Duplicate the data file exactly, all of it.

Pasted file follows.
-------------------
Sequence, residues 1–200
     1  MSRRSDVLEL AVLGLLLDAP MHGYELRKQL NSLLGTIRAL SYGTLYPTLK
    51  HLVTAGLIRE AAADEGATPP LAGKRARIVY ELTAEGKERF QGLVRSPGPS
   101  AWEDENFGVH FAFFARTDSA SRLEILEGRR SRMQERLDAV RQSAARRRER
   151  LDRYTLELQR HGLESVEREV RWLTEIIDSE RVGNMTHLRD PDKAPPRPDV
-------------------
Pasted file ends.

Sequence, residues 1–200
     1  MSRRSDVLEL AVLGLLLDAP MHGYELRKQL NSLLGTIRAL SYGTLYPTLK
    51  HLVTAGLIRE AAADEGATPP LAGKRARIVY ELTAEGKERF QGLVRSPGPS
   101  AWEDENFGVH FAFFARTDSA SRLEILEGRR SRMQERLDAV RQSAARRRER
   151  LDRYTLELQR HGLESVEREV RWLTEIIDSE RVGNMTHLRD PDKAPPRPDV